Australian Art
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Richard BROWNE

Ireland 1776 – Sydney, New South Wales, Australia 1824


  • Australia from 1811

Samuel LEIGH

Milton, Staffordshire, England 1785 – 1852


  • Australia from 1815-1821
  • 1823-1832
  • New Zealand 1822

not titled [a native of New South Wales] 1821
Collection Title: Samuel Leigh, Manuscript addressed to the Wesleyan Missionary Society, with illustrations by Richard Browne, 1821
Page: page 11
Place made: Sydney, New South Wales, Australia
Materials & Technique: drawings, ink; paper; watercolour drawing in pen and ink and watercolour Support: thin smooth cream laid Whatman foolscap paper

Dimensions: sheet 35.0 h x 25.0 w cm
Acknowledgement: Gift of the Uniting Church in Australia 2013. 100 Works for 100 Years.
Accession No: NGA 2013.4828.4
  • Gift to the National Gallery of Australia, from the Uniting Church in Australia, formerly the Methodist Church, Overseas Division (Methodist Missionary Society, London), Sydney, 2013.
  • The life of convict artist Richard Browne endures in fragments. Newspaper clippings, notes scrawled in books and dormant curls of microform reveal a partial biography.

    A series of watercolours newly acquired for the national art collection illuminates the life of this artist and his role as a seminal image-maker in nineteenth-century Australia.

    Transported from Dublin to Port Jackson in 1811, Browne undertook several artistic commissions during his sentence but became best known for stock portraits of Aboriginal people which he sold as souvenirs in Sydney on his release. A similar series of watercolour drawings illustrates a folio of letters composed by the Reverend Samuel Leigh in 1821 to London-based brethren of the Wesleyan Missionary Society.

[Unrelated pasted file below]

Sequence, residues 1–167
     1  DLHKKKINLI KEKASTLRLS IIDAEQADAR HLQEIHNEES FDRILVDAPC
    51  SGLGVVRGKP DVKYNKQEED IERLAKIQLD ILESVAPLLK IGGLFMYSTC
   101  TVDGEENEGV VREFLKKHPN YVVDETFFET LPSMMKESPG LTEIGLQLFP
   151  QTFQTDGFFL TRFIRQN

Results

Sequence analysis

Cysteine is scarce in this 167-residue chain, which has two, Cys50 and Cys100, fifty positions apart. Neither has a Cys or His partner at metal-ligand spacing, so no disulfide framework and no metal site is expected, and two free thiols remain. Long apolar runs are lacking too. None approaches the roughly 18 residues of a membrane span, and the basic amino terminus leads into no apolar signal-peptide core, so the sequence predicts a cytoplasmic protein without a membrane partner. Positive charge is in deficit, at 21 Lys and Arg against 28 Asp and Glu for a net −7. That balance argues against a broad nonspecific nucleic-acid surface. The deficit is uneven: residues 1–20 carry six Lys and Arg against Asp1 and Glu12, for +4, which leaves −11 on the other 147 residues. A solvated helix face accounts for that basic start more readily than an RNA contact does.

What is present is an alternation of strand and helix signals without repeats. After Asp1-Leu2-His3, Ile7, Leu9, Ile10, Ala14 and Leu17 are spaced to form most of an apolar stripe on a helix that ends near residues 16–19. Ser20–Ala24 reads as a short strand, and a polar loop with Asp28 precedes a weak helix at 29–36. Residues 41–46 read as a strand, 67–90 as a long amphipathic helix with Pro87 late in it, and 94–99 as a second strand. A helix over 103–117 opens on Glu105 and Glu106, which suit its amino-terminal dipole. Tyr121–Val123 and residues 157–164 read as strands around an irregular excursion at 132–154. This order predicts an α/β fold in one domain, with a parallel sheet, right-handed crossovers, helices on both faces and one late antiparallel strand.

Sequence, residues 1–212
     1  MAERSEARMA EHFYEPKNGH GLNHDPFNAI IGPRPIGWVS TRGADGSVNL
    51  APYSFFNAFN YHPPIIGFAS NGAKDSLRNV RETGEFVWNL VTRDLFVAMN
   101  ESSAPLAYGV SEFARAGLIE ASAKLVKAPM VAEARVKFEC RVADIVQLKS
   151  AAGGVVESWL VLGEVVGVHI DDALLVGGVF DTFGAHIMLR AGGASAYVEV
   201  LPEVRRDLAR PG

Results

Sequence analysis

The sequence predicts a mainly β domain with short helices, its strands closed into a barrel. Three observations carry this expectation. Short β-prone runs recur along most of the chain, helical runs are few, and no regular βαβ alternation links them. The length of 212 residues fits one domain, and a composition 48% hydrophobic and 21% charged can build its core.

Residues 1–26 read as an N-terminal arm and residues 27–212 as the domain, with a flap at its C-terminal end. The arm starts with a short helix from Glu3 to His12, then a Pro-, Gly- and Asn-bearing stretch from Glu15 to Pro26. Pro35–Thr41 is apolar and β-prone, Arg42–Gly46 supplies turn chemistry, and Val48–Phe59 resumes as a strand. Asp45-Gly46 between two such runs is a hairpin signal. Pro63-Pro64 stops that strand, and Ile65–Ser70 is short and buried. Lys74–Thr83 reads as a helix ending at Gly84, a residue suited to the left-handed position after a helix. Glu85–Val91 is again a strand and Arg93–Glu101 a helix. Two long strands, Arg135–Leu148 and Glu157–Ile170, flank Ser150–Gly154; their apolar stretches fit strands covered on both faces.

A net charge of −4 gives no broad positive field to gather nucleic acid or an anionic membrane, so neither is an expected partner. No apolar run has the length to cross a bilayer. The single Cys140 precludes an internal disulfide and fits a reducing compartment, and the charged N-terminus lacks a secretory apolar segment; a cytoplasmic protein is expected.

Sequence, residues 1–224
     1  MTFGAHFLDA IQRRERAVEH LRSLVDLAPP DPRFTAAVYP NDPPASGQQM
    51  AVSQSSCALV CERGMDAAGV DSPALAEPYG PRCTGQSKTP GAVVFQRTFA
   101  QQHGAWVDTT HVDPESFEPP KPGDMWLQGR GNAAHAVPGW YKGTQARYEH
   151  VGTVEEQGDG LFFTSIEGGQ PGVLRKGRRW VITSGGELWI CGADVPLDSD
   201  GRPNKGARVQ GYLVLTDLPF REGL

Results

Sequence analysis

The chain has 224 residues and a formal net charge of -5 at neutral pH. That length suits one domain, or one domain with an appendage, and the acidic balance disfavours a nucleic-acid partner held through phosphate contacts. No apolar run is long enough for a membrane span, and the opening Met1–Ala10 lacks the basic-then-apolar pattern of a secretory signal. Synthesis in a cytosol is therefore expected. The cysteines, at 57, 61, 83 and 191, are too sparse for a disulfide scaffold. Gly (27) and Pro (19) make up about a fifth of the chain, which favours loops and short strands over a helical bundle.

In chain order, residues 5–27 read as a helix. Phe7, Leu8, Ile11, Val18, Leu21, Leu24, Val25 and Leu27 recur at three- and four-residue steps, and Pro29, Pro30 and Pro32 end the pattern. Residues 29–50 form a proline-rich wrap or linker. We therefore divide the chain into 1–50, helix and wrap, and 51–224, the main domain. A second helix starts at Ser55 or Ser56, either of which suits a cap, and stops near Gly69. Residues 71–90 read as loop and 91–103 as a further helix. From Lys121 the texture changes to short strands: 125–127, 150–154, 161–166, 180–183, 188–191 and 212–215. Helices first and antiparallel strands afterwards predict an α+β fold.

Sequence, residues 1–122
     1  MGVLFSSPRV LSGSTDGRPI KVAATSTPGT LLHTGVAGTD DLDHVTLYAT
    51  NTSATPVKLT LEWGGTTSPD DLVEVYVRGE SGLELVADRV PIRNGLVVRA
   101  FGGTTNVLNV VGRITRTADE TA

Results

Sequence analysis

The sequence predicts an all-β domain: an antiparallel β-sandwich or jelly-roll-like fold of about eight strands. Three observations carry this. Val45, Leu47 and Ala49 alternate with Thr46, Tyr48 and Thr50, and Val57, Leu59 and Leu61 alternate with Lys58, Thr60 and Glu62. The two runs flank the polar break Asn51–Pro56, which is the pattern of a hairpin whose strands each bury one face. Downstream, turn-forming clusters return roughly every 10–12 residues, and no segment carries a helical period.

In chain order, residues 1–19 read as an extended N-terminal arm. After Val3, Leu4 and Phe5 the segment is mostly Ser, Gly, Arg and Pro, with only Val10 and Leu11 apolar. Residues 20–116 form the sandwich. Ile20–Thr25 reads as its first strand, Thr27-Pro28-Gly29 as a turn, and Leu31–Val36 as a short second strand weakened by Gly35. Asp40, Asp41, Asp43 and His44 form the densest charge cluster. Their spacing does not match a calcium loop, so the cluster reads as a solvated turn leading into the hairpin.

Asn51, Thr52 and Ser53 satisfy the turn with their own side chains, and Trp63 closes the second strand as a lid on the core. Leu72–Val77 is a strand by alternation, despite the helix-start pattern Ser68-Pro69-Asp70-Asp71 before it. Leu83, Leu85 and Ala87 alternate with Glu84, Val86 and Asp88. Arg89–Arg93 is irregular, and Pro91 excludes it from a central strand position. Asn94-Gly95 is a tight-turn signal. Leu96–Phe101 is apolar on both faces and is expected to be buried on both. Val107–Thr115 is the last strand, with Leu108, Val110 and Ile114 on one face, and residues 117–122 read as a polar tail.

Browne’s inelegant portraits of local Aboriginal people were censured by art historian Bernard Smith, who described them as ‘grotesque caricatures’ in his renowned volume European vision and the South Pacific. Robert Hughes was more circumspect in The Fatal Shore, suggesting Browne’s apparent prejudice reflected the desperate need of a convict to believe in a social class inferior to his own. Others surmise that Browne’s portraits reflect the principles of phrenology, an eighteenth century pseudoscience that related cranial forms to predisposed behaviours. This latter link is tenuous given phrenology gained currency among the European middle-class only after 1815, but it evidences the culturally encumbered nature of these otherwise modest images.

    It is difficult to assert that prejudice alone compelled Browne to paint his pictures as he did. The artist’s extant artwork fluctuates wildly in delicacy and detail, and despite the period vogue for silhouette pictures, Browne’s watercolours are stubbornly two-dimensional. Unable to execute standard technical lessons including perspective, Browne’s portraits are perhaps those of a competent yet essentially untrained artist.

    Image and text together attest to the troubled relations between Aboriginal people and Europeans in the early nineteenth century. Leigh’s pious prose rests uneasily beside Browne’s subjects, who smile inscrutably from grey paper sheets. Whatever his perceived shortcomings, Browne’s interest in ethnographic detail indicates Aboriginal customs were firmly entrenched and largely resistant to the teachings of Methodist missionaries like Samuel Leigh. Only a year after having assured his London brethren of the Mission’s success, the 1822 Report of the Wesleyan Missionary Society of the New South Wales conceded, ‘the Mission to the Aborigines continues to wear an aspect not the most promising … Extensively good effects are probably remote’.

    Elspeth Pitt Curator, Australian Prints and Drawings

    in artonview, issue 77, Autumn 2014